Just over a year ago, Billboard announced a major change in the way it calculates its Billboard 200 album chart, incorporating streams and individual track sales. At the time I whined about it because I believe the main album chart should reflect which albums people are actually purchasing.
But the biggest bummer that I had not anticipated is that Keith Caulfield stopped reporting the overall album sales total in his weekly Chart Beat column. I loved that paragraph because it showed a bigger picture of the health of the album industry beyond the top ten or even the top 200 biggest sellers of the week. It was also morbidly fascinating to keep track of how low it could dip. The lowest I saw it go before the chart change was 4.05 million in July 2014.
Well it’s gone down even further since then as Caulfield revealed in an aside in his coverage of Adele’s historic sales week: “The lowest week in Nielsen history for album sales was the frame ending Sept. 17, when only 3.51 million albums were sold.”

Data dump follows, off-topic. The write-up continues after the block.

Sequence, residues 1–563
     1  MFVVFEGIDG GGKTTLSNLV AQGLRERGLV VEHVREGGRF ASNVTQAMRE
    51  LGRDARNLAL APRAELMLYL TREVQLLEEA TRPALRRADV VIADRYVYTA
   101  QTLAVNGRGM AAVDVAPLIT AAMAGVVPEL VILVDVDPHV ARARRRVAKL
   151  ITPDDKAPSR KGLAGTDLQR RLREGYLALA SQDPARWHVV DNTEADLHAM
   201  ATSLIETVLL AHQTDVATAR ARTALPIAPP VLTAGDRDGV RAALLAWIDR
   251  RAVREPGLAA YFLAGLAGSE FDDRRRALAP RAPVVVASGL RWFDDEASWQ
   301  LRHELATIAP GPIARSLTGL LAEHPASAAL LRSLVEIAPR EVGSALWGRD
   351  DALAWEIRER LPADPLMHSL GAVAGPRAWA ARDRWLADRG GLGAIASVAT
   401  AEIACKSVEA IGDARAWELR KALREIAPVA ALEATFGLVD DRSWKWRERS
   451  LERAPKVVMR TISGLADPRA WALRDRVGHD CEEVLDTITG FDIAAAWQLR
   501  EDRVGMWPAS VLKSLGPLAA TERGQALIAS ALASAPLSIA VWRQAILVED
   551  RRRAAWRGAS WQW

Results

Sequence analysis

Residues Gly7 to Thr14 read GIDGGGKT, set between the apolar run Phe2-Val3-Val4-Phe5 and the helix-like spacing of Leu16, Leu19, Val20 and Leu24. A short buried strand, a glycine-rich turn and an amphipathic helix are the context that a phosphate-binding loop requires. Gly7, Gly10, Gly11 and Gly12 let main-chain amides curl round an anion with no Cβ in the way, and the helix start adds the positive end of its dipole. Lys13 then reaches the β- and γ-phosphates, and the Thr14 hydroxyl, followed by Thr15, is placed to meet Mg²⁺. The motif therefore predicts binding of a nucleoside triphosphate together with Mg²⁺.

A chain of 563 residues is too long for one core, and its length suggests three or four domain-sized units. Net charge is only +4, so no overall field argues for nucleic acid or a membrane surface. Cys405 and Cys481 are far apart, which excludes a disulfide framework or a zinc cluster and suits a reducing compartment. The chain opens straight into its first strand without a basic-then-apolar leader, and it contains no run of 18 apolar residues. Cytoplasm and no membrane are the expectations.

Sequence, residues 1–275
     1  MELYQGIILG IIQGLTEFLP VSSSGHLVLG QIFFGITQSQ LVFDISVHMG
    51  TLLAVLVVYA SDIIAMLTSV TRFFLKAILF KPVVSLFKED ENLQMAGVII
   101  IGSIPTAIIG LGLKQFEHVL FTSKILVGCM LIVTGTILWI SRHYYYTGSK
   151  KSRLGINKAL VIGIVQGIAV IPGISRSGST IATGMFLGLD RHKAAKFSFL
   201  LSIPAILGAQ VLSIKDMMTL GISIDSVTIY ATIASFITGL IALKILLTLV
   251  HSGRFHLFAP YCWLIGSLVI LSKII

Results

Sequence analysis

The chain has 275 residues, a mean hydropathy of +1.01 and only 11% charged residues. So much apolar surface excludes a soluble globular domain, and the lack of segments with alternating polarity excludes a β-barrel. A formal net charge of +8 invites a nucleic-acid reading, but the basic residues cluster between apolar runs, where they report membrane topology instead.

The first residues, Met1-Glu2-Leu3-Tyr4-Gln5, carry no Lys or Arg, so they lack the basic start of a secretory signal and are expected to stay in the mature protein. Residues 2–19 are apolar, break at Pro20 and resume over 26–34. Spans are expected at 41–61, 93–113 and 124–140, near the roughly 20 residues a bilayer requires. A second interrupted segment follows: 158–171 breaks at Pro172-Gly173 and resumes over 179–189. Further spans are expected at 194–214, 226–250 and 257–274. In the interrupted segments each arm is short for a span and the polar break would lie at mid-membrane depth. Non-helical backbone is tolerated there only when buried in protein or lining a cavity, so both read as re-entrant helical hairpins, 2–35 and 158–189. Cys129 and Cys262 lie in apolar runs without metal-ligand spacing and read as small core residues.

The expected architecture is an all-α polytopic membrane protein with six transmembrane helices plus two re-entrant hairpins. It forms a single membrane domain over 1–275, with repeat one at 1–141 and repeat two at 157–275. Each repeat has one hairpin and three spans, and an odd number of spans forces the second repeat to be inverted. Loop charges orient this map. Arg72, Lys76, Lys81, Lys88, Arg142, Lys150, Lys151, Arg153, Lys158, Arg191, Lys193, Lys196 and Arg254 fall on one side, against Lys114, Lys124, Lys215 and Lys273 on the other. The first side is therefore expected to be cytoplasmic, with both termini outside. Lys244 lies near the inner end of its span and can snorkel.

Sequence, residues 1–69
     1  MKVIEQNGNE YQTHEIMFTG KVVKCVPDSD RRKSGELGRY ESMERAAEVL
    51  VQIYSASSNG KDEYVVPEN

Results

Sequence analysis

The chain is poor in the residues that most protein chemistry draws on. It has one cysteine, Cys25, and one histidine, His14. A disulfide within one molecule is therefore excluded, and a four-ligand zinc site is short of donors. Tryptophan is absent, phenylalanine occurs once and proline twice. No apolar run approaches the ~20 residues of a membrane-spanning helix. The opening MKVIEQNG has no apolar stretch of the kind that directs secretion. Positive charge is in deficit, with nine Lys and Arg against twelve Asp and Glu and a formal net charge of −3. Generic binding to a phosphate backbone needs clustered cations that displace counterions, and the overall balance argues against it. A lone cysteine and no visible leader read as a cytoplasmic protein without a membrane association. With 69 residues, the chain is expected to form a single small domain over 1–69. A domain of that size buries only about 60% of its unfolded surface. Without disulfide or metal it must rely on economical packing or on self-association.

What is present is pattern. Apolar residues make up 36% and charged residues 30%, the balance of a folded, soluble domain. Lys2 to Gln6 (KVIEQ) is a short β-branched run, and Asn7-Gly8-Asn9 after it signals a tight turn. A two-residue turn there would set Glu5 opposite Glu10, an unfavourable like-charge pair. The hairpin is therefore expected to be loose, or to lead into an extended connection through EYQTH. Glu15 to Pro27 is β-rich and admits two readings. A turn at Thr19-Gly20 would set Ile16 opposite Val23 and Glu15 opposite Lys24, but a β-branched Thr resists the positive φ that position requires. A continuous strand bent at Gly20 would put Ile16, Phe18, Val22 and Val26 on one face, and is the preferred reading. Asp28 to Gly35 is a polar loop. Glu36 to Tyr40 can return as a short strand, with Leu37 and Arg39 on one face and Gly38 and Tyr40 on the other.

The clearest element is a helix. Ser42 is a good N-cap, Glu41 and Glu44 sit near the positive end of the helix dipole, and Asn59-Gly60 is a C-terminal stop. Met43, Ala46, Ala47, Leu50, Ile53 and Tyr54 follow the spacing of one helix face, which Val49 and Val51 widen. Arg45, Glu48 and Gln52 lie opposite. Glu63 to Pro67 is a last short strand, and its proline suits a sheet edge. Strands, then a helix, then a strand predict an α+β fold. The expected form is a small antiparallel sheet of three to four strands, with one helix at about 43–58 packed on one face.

That is not a lot of records.
Billboard’s Ed Christman has previously reported that “The highest one-week tally recorded during the Soundscan era is 45.4 million albums, in late December, 2000.” In the same article, Christman estimates that the lowest pre-Soundscan period was 1973 when weekly sales probably “totaled around 5.5 million units.”
So now the question becomes: When will weekly album sales dip below 3 million?
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Another interesting fact in Caulfield’s piece is that last week’s overall album sales were 8.2 million of which 25 represented 41% (3.38 million). Numbers 2 through 100 sold 1.48 million, which leaves 3.34 million albums sold outside of the top 100. Those are all albums that sold less than 5,000 copies each. The long tail lives!